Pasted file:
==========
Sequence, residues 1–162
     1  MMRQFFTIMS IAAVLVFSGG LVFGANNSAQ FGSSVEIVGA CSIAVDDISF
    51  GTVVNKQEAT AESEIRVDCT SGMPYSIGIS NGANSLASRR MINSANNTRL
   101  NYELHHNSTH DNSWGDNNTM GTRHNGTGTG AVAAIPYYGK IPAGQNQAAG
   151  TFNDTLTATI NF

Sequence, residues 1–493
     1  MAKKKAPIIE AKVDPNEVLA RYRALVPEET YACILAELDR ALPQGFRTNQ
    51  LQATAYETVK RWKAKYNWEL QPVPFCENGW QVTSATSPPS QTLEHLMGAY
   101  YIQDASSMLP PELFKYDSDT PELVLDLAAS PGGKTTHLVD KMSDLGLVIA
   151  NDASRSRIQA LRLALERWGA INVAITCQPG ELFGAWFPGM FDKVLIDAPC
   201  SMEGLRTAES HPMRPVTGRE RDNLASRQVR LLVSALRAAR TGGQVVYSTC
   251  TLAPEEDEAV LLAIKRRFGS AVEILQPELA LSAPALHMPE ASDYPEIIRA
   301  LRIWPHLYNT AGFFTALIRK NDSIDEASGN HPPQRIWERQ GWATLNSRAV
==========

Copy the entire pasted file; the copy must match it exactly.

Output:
Sequence, residues 1–162
     1  MMRQFFTIMS IAAVLVFSGG LVFGANNSAQ FGSSVEIVGA CSIAVDDISF
    51  GTVVNKQEAT AESEIRVDCT SGMPYSIGIS NGANSLASRR MINSANNTRL
   101  NYELHHNSTH DNSWGDNNTM GTRHNGTGTG AVAAIPYYGK IPAGQNQAAG
   151  TFNDTLTATI NF

Sequence, residues 1–493
     1  MAKKKAPIIE AKVDPNEVLA RYRALVPEET YACILAELDR ALPQGFRTNQ
    51  LQATAYETVK RWKAKYNWEL QPVPFCENGW QVTSATSPPS QTLEHLMGAY
   101  YIQDASSMLP PELFKYDSDT PELVLDLAAS PGGKTTHLVD KMSDLGLVIA
   151  NDASRSRIQA LRLALERWGA INVAITCQPG ELFGAWFPGM FDKVLIDAPC
   201  SMEGLRTAES HPMRPVTGRE RDNLASRQVR LLVSALRAAR TGGQVVYSTC
   251  TLAPEEDEAV LLAIKRRFGS AVEILQPELA LSAPALHMPE ASDYPEIIRA
   301  LRIWPHLYNT AGFFTALIRK NDSIDEASGN HPPQRIWERQ GWATLNSRAV